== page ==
Tosh and I take a short walk every morning at around 5:15 – we move out, with a sense of purpose: just long enough for Tosh to do his doggy business, but just short enough that I don’t freeze in the winter mornings.
The moon was bright this morning. Not bright enough for me to completely see by (some less-fastidious dog walkers are not as courteous as I would like on our suburban woodland paths), but bright enough to marvel at, especially since it is past full.
Our path brings us into the sheltering woods and then out into an field of sorts – not a mowing field, as we had in the country, but green grass covering a suburban earthworks: a drainage pond fronted by a high, dramatic berm. But the sky is a field’s sky – it is wide and open. Coming out of the woods, my eyes played strange tricks on me – the expanse of sky was piebald with dark and light patches, but my brain could not make sense of them immediately. The dark – clouds? But the moon was so bright – aha. The bright was reflection on the clouds against the dark, clear sky. After this moment of disorientation, I snapped off my light to stand in the freezing air and watch the clouds.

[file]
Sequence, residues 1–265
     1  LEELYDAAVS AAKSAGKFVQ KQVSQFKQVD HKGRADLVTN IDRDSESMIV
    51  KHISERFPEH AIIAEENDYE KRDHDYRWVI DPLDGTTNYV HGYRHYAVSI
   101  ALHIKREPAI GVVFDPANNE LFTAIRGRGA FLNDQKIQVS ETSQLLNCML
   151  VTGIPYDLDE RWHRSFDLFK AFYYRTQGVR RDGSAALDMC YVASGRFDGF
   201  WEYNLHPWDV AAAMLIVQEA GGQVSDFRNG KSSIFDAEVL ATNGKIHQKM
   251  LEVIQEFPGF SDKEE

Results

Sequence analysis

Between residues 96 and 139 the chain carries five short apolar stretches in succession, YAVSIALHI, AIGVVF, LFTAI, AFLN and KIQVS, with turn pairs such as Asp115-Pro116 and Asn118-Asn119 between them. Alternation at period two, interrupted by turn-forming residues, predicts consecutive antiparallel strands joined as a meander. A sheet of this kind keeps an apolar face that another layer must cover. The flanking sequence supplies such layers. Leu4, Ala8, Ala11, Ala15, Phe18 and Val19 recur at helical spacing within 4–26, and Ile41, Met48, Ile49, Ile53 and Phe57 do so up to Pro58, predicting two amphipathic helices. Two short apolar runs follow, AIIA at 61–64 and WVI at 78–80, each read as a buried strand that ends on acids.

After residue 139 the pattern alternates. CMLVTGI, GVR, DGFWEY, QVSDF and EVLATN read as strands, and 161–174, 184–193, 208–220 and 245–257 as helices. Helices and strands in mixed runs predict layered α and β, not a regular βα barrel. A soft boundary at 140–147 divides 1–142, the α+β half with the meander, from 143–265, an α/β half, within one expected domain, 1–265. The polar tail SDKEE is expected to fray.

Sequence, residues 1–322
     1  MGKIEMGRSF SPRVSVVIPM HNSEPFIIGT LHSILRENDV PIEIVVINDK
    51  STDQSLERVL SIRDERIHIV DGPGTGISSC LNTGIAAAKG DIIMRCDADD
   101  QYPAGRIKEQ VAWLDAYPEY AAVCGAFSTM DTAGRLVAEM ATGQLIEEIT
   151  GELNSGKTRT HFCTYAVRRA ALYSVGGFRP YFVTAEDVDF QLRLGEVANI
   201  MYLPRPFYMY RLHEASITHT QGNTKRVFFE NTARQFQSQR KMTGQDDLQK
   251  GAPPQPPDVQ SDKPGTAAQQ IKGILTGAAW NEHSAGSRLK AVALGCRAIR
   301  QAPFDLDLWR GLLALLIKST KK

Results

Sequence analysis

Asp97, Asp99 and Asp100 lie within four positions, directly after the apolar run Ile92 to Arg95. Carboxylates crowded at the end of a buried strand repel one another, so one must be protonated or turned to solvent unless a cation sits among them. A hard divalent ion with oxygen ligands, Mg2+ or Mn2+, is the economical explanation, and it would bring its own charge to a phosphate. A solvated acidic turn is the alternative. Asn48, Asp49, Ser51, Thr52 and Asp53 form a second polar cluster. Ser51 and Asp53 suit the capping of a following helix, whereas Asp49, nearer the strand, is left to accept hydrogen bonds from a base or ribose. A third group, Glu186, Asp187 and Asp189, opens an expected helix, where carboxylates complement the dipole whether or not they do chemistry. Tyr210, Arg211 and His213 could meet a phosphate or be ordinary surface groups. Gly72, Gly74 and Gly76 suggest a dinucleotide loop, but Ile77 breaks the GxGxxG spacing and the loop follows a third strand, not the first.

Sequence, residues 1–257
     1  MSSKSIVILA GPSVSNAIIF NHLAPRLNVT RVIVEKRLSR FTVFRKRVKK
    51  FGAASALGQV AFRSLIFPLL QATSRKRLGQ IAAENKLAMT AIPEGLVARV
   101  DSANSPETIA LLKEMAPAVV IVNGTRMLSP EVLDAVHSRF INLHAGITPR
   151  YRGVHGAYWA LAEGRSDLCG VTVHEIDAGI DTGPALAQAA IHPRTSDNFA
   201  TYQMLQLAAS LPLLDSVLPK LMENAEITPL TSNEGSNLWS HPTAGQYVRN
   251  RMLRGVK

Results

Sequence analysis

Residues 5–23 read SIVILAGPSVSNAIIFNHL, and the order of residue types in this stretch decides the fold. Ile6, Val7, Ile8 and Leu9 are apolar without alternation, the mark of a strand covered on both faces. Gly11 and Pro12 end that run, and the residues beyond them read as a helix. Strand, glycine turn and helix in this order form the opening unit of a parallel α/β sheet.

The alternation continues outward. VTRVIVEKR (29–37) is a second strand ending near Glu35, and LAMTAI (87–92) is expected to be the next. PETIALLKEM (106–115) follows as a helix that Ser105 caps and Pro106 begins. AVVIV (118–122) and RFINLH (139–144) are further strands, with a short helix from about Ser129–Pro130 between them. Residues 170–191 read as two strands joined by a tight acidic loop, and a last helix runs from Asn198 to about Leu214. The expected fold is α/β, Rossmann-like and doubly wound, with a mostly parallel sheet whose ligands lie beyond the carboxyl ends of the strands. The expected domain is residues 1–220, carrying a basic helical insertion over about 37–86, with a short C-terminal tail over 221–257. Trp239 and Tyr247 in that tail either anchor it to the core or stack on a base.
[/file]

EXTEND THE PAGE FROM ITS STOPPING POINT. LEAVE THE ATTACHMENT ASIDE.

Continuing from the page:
Ever have that moment where you’re looking at a piece of art and you say, “Yes, very pretty – but not realistic.” And then, months or years later, you see that “unrealistic” thing happen in nature? Like the deep purple skies of a twighlight Maxfield Parrish painting. “Maybe on Mars,” you think, “Or a place in a book – I’ll bet Narnia had twighlight skies like that in C.S. Lewis’ imagination.” And then you’re out on a country road, and the molecules have lined up just right to give you a radiance-drenched, deep purple post-sunset sky right here on Earth? These clouds were like that. They looked like anime or the woodblock animations so often used to depict Native American legends. Stately and stylized, they moved swiftly, like great cutouts of tissue, never changing shape in the predawn sky.